GW undergraduate students can participate in non-credit research through the Office of Sponsored Projects within the Office of the Vice President for Research (OVPR)’s UNIV 1995 Undergraduate Research Experience program. This allows undergraduates to highlight non-credited research experiences on their official GW transcript. The transcript notation recognizes important experiential learning and gives future degree programs and employers a more complete picture of a student’s background and interests. Learn more about the guidelines and requirements for the UNIV 1995 transcript notation.
UNIV 1995 is a good option for students who have reached the course credit cap.
What grants and fellowships support undergraduate student research?
- The Luther Rice Undergraduate Research Fellowship supports student research for approximately 15 students per semester. In this competitive program, students receive a $5,000 stipend and a faculty mentor receives $1,000.
- The Robert Vincent fellowship funds research for three science students with a preference for students who are pre-med. Information about the Robert Vincent fellowship can be found by contacting the CCAS Undergraduate Dean’s Office.
- The CCAS Summer Lab Fellowship funds STEM students who are working with faculty on their research. Information about the CCAS Summer Lab Fellowship can be found by contacting the CCAS Undergraduate Dean’s Office.
- The Center for Undergraduate Fellowships and Research has information about research opportunities and fellowships that are external to CCAS, and also has information about post-graduate opportunities such as Fulbright Awards and Rhodes, Truman and Marshall Scholarships. Students are welcome to contact the director, Paul Hoyt-O’Connor.
- Some individual departments also have funding opportunities to support student research; see your department website or ask your departmental advisor for more information.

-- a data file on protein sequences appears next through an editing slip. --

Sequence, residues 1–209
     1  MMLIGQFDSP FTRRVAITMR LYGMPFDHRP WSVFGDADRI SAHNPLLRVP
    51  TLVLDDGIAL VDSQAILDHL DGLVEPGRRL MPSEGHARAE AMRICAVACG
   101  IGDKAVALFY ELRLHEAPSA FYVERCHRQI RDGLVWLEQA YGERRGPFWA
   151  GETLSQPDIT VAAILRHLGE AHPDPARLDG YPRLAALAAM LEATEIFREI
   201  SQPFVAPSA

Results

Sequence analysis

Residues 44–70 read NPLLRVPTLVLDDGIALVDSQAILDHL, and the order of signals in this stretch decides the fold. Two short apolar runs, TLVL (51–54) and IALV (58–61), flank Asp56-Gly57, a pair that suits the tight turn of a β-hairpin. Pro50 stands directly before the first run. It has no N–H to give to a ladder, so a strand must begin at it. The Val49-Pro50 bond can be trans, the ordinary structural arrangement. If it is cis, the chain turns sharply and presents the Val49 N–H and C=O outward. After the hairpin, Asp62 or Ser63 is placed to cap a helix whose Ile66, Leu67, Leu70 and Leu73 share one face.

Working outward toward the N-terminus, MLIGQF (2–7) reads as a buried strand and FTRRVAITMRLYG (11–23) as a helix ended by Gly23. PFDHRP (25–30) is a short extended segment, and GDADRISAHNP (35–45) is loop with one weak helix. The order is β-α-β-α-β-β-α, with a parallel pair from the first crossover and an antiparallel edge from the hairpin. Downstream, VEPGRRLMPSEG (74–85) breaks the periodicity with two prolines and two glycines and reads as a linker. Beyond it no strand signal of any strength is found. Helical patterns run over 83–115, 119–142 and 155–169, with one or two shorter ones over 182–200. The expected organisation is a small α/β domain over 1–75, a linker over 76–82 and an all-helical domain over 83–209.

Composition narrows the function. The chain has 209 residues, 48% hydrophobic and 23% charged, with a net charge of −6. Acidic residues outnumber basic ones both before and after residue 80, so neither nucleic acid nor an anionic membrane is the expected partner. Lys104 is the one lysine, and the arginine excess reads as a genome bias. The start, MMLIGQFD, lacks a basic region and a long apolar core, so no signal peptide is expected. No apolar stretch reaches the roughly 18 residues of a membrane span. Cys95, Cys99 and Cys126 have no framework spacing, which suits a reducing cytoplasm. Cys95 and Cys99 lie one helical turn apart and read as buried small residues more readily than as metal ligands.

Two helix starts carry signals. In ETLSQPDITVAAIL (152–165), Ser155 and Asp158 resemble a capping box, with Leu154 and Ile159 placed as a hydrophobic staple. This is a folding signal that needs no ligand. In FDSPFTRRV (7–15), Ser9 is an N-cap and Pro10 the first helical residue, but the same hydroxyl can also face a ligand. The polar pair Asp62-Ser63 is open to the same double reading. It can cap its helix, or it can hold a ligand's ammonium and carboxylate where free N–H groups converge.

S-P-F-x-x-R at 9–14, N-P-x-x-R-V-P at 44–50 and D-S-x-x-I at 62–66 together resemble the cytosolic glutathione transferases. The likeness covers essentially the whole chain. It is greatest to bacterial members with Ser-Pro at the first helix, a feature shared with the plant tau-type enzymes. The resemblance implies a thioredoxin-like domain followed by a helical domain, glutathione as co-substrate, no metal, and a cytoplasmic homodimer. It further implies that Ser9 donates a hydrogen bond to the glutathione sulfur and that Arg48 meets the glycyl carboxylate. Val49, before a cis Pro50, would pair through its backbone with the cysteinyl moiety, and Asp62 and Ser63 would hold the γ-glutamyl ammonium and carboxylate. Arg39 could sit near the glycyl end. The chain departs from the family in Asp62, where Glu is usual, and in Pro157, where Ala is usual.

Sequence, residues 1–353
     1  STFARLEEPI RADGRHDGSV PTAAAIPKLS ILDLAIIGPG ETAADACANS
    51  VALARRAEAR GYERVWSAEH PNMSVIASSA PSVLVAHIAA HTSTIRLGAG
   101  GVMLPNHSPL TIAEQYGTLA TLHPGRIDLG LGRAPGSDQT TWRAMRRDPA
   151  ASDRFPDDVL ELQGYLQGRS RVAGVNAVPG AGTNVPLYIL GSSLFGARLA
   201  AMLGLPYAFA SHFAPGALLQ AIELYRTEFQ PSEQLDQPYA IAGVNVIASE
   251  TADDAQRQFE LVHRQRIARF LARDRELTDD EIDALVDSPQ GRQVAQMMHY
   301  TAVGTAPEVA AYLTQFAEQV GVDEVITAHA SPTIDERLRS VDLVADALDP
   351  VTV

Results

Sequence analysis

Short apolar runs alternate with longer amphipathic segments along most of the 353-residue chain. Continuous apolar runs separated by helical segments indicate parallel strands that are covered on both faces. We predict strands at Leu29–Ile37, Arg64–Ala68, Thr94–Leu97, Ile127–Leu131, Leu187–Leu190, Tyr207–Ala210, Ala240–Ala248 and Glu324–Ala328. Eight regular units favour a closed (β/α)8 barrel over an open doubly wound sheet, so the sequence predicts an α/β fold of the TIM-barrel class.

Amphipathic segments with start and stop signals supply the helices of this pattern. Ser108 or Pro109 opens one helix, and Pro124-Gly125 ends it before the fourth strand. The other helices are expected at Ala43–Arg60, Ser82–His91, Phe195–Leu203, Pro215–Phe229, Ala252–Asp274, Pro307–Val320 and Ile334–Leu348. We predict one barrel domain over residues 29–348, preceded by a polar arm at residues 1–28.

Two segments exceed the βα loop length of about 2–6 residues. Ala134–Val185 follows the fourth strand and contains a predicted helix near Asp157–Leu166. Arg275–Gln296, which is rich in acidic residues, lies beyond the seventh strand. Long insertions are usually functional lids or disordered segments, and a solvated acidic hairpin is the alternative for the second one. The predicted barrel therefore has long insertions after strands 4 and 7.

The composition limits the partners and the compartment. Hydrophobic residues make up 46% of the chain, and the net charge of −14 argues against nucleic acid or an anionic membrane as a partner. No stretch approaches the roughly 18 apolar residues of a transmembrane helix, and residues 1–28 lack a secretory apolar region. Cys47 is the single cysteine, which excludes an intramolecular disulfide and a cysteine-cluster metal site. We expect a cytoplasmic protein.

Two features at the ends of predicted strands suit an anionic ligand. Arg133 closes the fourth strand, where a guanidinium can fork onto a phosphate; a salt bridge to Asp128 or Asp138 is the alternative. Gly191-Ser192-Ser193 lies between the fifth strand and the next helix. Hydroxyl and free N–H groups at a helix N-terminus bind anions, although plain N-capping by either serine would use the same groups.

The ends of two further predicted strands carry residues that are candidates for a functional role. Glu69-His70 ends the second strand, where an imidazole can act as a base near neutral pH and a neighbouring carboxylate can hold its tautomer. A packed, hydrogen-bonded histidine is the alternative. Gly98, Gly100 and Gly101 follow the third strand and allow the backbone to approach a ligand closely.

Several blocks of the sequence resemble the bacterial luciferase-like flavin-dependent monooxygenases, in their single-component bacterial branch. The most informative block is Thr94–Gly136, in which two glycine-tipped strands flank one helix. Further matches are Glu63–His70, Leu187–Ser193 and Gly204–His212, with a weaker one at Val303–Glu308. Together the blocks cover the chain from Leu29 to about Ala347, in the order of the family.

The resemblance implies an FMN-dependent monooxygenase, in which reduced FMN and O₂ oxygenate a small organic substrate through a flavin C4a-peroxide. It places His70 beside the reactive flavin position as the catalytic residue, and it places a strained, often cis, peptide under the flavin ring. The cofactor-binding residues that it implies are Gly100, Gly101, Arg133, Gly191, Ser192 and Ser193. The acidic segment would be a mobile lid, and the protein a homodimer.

What opportunities are available for students to present their research to GW audiences?
The GW Research Showcase invites undergraduate and graduate students to the multi-day showcase each year. Students present their research to peers, faculty and colleagues and compete for monetary prizes.
Many academic departments also host events at which students have the opportunity to communicate their research to others with similar interests. Contact your department or check your departmental website for upcoming events.
Find a Research Opportunity
Ready to get started?
- Review the tips provided by the Center for Undergraduate Fellowships and Research and the Office of the Vice President for Research.
- Connect with student organizations like the GW Undergraduate Review or others listed in GW Engage to network with peers that have similar interests.
- Visit and bookmark GW Student Research Commons to learn about opportunities and events.
- Explore the GW Student Employment talent management portal and filter positions by “Time Spent on Research.”
- Reach out to faculty directly to learn more about their work and ask if they have opportunities to get involved. The Department of Biological Sciences provides some tips for contacting faculty.